The children's own stories emphasise their own family, although the size of family and the movement from one house to another recur. Conditions of housing vary, and reports of overcrowding for this are common. There is some dislike of Sparkbrook which develops with age. There is a connection between sympathy and tolerance to other groups and placing in streams — 'the girls staying to the sixth form were markedly more sympathetic those in 4b – perhaps because those are likely to move out of the area have less need of a scapegoat' (247). Negative stereotypes were common, including some about tinkers or gypsies, although hostile references were not common.

Leisure activities included more television watching. Racial contacts varied. Indian and Pakistani children 'keep themselves almost completely separate outside school' (249) and it is more mixed for West Indians and English. There is less frequency of visiting among older age groups. A detailed sociometric study would be ideal.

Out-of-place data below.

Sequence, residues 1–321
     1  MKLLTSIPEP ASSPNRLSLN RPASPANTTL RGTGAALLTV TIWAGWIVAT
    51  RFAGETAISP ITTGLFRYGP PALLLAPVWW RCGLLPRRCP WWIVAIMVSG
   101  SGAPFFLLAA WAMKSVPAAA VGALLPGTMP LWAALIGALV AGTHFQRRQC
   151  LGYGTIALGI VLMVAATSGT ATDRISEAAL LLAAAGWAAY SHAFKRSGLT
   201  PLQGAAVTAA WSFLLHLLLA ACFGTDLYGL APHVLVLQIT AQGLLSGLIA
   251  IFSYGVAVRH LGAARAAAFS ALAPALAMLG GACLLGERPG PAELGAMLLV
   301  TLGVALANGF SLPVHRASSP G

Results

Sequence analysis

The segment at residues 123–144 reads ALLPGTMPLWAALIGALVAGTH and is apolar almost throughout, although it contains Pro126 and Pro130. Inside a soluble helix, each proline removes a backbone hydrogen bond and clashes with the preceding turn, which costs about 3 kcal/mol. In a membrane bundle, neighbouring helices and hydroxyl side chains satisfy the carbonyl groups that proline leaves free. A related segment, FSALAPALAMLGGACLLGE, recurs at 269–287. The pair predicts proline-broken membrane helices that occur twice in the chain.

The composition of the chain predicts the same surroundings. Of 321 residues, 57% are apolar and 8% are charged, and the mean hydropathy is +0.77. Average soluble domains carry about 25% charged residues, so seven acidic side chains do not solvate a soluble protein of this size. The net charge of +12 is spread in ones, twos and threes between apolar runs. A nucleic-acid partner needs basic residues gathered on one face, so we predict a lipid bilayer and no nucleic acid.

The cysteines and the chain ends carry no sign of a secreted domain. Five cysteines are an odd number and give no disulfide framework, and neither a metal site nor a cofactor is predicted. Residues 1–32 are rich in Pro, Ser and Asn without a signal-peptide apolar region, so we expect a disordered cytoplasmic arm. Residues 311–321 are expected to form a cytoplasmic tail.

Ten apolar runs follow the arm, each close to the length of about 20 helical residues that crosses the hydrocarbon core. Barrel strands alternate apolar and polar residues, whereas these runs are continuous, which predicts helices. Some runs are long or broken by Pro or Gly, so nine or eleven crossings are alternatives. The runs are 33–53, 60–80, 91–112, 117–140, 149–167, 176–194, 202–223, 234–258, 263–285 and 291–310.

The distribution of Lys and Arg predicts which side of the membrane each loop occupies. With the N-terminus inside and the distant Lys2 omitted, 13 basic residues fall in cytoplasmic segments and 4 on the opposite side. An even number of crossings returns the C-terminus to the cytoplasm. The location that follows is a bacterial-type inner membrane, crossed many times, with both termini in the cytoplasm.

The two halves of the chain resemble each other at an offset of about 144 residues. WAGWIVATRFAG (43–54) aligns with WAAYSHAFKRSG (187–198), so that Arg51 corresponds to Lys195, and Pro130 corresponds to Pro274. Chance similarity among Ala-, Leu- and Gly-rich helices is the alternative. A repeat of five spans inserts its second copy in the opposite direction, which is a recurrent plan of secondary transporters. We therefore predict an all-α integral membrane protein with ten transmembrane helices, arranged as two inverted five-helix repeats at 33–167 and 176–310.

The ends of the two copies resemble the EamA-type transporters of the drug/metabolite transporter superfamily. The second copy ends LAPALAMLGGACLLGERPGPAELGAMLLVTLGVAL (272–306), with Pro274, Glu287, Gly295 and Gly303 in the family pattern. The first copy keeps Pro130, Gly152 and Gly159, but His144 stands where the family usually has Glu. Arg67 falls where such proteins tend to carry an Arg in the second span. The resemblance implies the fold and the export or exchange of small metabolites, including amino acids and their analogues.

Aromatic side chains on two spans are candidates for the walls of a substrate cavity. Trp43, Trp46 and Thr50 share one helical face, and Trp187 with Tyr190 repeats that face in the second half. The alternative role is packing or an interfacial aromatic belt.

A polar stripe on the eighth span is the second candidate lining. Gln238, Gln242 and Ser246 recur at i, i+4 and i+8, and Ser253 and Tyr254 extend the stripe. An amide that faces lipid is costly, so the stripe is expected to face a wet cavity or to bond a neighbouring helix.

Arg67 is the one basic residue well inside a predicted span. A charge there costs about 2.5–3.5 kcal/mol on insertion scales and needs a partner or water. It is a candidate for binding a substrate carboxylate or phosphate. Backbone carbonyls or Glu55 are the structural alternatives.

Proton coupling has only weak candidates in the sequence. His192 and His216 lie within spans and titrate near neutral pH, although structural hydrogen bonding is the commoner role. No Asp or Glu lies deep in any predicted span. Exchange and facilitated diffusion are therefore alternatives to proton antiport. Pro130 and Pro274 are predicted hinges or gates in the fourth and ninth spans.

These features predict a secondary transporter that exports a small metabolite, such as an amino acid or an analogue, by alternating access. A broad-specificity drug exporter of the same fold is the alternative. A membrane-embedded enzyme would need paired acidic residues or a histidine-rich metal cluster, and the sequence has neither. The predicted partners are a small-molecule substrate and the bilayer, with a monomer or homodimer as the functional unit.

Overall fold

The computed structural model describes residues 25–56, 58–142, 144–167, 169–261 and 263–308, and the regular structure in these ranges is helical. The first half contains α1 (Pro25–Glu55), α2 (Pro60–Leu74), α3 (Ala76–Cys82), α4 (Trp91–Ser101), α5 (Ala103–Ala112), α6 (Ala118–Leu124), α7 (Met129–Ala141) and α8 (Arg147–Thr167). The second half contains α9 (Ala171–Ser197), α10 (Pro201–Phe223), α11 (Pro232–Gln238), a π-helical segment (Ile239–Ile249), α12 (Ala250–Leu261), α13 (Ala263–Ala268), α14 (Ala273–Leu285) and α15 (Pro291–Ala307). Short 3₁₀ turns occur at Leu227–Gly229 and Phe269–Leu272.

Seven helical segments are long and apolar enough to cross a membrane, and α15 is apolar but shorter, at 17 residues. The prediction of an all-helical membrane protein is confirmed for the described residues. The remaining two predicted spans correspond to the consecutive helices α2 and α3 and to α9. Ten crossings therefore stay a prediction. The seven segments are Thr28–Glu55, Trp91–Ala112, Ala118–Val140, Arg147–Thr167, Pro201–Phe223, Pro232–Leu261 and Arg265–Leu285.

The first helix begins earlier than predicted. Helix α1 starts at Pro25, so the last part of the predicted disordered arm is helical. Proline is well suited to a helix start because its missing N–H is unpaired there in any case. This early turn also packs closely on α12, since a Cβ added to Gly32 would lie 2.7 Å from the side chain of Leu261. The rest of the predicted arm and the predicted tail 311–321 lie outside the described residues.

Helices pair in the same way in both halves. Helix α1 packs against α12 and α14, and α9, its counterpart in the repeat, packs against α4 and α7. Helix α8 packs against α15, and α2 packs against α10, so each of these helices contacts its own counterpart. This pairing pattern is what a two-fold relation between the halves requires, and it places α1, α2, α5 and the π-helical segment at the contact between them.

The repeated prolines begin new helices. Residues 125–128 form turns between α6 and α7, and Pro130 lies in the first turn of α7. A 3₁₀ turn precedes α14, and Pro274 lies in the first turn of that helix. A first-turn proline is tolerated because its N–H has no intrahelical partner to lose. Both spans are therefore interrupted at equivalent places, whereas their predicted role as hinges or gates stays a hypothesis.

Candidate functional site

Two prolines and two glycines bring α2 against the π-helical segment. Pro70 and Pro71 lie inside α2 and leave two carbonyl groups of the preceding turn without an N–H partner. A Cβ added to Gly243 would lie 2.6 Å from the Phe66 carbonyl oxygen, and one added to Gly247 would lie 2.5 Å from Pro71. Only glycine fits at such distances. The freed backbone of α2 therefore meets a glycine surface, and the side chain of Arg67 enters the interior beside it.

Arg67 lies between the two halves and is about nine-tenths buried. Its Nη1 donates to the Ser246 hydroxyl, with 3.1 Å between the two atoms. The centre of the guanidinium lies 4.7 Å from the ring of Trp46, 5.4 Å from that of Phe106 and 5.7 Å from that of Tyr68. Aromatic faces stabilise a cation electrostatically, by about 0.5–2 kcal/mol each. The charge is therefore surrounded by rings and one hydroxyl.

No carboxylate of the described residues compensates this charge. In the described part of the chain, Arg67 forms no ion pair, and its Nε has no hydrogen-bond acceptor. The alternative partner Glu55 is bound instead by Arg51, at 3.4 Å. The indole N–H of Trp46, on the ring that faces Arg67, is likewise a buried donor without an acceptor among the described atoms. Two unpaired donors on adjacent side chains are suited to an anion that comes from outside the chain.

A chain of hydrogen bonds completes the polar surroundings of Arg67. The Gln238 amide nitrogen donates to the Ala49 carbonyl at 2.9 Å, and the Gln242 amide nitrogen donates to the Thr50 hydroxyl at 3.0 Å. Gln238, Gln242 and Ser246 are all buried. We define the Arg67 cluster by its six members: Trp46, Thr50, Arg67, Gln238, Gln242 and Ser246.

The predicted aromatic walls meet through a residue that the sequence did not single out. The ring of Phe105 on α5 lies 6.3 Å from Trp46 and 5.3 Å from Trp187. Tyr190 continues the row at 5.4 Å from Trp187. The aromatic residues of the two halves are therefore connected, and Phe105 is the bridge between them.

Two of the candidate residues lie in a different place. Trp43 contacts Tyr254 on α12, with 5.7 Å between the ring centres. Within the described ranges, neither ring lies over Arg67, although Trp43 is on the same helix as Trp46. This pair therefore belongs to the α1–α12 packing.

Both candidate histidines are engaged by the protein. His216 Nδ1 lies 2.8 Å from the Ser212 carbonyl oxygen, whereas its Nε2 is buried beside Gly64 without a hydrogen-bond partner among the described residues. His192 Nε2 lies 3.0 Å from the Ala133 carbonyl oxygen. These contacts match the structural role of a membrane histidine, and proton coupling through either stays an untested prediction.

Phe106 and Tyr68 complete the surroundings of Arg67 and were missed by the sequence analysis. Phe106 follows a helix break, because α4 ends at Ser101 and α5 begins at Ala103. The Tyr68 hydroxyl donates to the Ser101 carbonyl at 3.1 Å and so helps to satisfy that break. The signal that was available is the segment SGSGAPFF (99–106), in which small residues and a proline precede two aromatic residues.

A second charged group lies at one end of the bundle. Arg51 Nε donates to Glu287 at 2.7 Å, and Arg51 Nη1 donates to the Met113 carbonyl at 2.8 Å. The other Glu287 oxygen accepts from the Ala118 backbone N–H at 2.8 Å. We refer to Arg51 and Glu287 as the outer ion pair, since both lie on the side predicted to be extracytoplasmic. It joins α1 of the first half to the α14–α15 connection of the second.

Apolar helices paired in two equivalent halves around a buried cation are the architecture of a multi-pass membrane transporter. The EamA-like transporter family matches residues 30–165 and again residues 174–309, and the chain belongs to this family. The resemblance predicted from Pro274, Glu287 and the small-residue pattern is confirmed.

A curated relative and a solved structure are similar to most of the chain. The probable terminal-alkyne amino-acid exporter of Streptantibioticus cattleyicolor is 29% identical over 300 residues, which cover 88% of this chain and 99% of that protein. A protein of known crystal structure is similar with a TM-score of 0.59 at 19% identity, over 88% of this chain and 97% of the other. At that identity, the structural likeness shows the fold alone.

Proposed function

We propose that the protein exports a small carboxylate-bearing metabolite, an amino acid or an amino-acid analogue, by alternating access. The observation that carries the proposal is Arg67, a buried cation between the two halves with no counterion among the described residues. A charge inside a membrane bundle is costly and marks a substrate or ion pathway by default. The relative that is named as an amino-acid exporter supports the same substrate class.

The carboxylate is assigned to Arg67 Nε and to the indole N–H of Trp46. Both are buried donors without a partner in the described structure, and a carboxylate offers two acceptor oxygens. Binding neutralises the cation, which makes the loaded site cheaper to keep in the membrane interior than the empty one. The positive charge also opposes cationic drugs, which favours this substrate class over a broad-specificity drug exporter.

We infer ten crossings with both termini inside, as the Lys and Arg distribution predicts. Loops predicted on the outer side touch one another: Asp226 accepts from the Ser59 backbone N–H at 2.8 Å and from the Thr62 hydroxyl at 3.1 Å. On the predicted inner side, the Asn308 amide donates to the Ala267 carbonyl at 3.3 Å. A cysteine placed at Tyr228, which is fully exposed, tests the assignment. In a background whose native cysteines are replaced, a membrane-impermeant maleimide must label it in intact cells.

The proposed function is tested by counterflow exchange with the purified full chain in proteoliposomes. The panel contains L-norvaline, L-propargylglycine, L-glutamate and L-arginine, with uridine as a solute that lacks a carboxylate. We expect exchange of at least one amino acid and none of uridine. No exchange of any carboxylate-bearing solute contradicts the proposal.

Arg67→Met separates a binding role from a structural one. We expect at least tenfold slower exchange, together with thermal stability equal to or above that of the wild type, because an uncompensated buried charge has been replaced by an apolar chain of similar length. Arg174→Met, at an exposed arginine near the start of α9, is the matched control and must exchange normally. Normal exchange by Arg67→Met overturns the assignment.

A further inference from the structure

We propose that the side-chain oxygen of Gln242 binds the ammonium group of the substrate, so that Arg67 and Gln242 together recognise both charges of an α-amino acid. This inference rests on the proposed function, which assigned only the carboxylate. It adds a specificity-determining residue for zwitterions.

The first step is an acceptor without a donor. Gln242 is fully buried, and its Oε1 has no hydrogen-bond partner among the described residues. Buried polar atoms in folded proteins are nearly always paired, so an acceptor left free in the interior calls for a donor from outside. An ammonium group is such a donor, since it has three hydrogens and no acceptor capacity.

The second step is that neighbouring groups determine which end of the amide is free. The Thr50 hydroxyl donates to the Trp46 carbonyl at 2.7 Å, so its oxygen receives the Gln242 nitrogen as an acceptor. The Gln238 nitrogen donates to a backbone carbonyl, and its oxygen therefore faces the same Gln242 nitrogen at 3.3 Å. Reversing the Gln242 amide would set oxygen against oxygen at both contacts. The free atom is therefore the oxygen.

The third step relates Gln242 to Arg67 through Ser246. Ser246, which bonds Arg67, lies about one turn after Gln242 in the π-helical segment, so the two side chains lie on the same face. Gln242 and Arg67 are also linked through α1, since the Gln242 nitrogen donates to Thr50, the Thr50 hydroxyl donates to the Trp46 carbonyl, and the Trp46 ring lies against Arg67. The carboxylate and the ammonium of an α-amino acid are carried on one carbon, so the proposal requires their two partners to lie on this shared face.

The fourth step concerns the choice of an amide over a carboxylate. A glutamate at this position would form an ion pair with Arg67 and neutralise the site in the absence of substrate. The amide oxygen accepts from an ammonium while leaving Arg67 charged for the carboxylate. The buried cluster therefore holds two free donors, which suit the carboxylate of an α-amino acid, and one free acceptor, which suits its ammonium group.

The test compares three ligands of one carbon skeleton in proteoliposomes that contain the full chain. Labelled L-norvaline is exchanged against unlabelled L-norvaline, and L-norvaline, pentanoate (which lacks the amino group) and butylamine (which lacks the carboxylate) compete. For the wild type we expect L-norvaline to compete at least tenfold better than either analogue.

Adolescents seem to have separated almost completely from the older generation, for example in youth groups, in imagining life after school [considerable gender differences here as well]. Job aspirations were 'realistic' (250), possibly even a underestimation, usually assuming the future and the working class. Less realism attended aspirations to housing possibilities — a lot of hope to live in bungalows in the country or by the sea, 'unobtainable by the majority' (251).

Racial issues were mentioned more frequently in the discussions in youth groups. Tinker, Irish and Indians were more disliked than West Indians; immigrants were blamed more often for deterioration, there was a link between personal status, in terms of jobs, and dislike of outsiders especially with coloured. There was some segregation. Some West Indian boys were belligerent about discrimination, and critical of the area. Some might have been displaying '"anomie"— the gap between the accepted goals of society and the lack of a legal means of achieving those goals' (253) [with which of the five solutions?]